March 31, 2023
Review: The art and science of bullshit detection — skepticism in a data-driven world
Dean Kahn

How do you decide what is true? Too many people confuse correlation with causality, swallow misleading statistics, blindly accept data graphics and grant unquestioning credence to scientists, say the authors of a guide to skepticism. Researchers Carl Bergstrom and Jevin West will delve deeper in a free presentation in April.

March 31, 2023
Review: The art and science of bullshit detection — skepticism in a data-driven world
Dean Kahn


I already knew some specific verbs connected to President Bill Clinton’s famous one-on-one sessions with intern Monica Lewinsky, but I learned a new one while reading “Calling Bullshit: The Art of Skepticism in a Data-Driven World.” 

The verb is “paltering,” which means to mislead someone without lying outright, that is, to say something that is technically not untrue. Clinton threaded that verbal needle when he said on a credible national news program that “there is no sexual relationship (with Lewinsky).” Clinton later defended his misleading statement by noting that he had used the present-tense “is,” thus indicating there was no ongoing relationship with said intern. Bill Clinton, palterer-in-chief. 

“Calling Bullshit” is a recent book (2020) by two academic colleagues at the University of Washington, Carl T. Bergstrom and Jevin D. West. They teach data science, statistics and related subjects, and offer a class also entitled “Calling Bullshit,” (a fun title for charades, as well as one certain to pique the interest of parents paying their child’s tuition at UW.) 

“Calling Bullshit,” the book, is an informative yet engaging primer on the need for a healthy dose of skepticism in our age of information — and faux information — overload. It’s a field guide to recognizing bullshit, with advice on how to debunk BS.

It’s a badly needed field guide. Too many people confuse correlation with causality, swallow misleading statistics, blindly accept data graphics and grant unquestioning credence to scientists. 

Free tickets are available for a presentation by the authors of “Calling Bullshit: The Art of Skepticism in a Data-Driven World” on April 13.

Bullshit covers wide ground. As the authors put it: “Bullshit involves language, statistical figures, data graphics and other forms of presentation intended to persuade or impress an audience by distracting, overwhelming or intimidating them with a blatant disregard for truth, logical coherence, or what information is actually being conveyed.”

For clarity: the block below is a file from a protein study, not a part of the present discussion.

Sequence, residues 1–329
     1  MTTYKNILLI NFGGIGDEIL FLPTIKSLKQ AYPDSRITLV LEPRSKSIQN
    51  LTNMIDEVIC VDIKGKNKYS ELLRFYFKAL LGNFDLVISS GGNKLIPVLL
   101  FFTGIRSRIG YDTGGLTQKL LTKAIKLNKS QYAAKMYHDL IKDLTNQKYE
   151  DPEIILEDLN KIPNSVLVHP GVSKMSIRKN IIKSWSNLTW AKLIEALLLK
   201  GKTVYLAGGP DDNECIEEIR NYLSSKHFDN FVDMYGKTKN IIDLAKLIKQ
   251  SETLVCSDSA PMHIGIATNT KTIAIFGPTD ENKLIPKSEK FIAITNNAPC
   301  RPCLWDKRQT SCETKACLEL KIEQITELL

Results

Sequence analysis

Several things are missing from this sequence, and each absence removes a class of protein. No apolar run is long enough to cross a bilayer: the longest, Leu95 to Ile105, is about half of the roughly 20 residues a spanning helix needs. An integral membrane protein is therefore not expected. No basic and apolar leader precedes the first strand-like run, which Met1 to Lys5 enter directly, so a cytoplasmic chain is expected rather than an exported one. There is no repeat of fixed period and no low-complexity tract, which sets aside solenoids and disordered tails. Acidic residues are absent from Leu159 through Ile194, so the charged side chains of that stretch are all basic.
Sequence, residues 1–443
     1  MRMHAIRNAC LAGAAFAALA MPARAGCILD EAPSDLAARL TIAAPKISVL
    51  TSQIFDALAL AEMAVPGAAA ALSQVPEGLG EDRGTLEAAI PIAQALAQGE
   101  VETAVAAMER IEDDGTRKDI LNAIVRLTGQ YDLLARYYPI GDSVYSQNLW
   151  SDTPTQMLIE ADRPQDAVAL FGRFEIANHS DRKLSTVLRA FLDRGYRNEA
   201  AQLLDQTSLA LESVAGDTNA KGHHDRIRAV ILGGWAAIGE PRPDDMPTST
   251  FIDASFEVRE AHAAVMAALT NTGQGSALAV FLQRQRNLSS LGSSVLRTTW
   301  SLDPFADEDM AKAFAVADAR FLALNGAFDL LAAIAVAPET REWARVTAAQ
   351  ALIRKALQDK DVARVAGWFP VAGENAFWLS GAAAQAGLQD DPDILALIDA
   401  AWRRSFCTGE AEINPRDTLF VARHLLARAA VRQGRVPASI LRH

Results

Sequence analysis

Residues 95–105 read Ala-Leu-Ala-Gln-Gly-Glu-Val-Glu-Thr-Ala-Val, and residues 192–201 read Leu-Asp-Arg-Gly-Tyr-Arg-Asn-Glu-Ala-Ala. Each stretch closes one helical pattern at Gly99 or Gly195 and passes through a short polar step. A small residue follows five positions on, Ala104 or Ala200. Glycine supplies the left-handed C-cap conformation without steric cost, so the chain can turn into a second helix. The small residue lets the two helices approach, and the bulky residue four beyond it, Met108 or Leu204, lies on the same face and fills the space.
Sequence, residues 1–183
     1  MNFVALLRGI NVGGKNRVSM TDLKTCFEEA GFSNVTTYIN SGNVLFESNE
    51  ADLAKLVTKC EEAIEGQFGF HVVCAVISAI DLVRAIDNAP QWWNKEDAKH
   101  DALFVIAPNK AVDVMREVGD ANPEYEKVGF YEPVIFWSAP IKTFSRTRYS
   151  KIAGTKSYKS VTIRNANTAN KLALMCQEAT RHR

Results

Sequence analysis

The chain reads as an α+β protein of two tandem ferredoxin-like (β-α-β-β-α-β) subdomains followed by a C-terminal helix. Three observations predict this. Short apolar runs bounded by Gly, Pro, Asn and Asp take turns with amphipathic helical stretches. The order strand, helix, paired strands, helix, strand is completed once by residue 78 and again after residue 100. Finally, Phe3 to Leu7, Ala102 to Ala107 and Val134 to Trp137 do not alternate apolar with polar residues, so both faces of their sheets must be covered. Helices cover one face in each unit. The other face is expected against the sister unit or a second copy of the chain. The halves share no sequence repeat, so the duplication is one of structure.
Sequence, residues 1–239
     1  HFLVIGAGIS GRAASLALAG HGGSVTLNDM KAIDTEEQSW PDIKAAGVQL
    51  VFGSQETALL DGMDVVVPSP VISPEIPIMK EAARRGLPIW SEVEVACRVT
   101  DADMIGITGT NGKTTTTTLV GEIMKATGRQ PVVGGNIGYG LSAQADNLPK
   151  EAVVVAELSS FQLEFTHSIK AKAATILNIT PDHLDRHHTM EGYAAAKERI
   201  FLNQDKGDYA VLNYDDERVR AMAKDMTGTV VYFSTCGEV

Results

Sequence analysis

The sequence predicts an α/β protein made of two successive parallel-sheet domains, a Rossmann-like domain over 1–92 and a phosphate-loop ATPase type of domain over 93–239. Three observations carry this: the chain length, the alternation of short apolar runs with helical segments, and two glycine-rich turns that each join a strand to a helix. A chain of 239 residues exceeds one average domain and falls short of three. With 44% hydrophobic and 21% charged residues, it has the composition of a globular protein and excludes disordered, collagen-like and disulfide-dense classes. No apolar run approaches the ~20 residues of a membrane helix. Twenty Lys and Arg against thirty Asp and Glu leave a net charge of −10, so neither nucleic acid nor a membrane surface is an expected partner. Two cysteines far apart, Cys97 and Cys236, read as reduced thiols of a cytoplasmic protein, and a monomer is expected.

A time or two the book starts to read like a textbook, but never for long. Bergstrom and West kept this reader happy with a steady supply of humor, plus plenty of examples of bullshit, from both liberal and conservative sources, from scientists who should know better, and from news outlets ranging from partisan hacks to shockingly establishment sources. For people who favor images over words, the chapter on data visualization becomes a fun game of “what’s wrong with this chart?” 

Even as the authors equip readers with an attitude, and an arsenal of tools, to detect bullshit, it’s easy to feel a bit discouraged. It’s widely accepted that lies sprint while corrections walk, and that it takes less energy to spread bullshit than to clean it up. And those general rules of bullshit are exacerbated by the rise of social media, which quickens the spread of bullshit to an exponentially larger number of people. 

What’s the answer? Government regulation might help, the authors say, but the First Amendment means any regulations must be finely crafted. They discuss technical fixes to make bullshit detection easier, but fear that could trigger an arms race between detectors and bullshit creators. So the two professors urge more education. Courses in media literacy and critical thinking would be a great start. 

Bergstrom and West wrap up with advice on how people should debunk bullshit without becoming mired in the muck. Debunkers should remain humble, because they, too, can be wrong. They urge debunkers to not automatically presume the other person is malicious, because honest mistakes and run-of-the-mill incompetence abound. A debunker’s goal, they say, is to correct erroneous information, not destroy lives. 

“Remember, calling bullshit is more than a claim,” the authors write. “It’s a powerful action, and can easily be misused. But if you make an effort to be clear and correct and to remain reasonably civil, most people will respect you.” 

Let’s hope that doesn’t turn out to be bullshit. 

— Contributed by Dean Kahn

The free presentation of “Truth, Trust and the News: ‘Calling Bullshit’” featuring authors Carl T. Bergstrom and Jevin D. West will be held on Thursday, April 13, at Whatcom Community College. For free tickets, register here.

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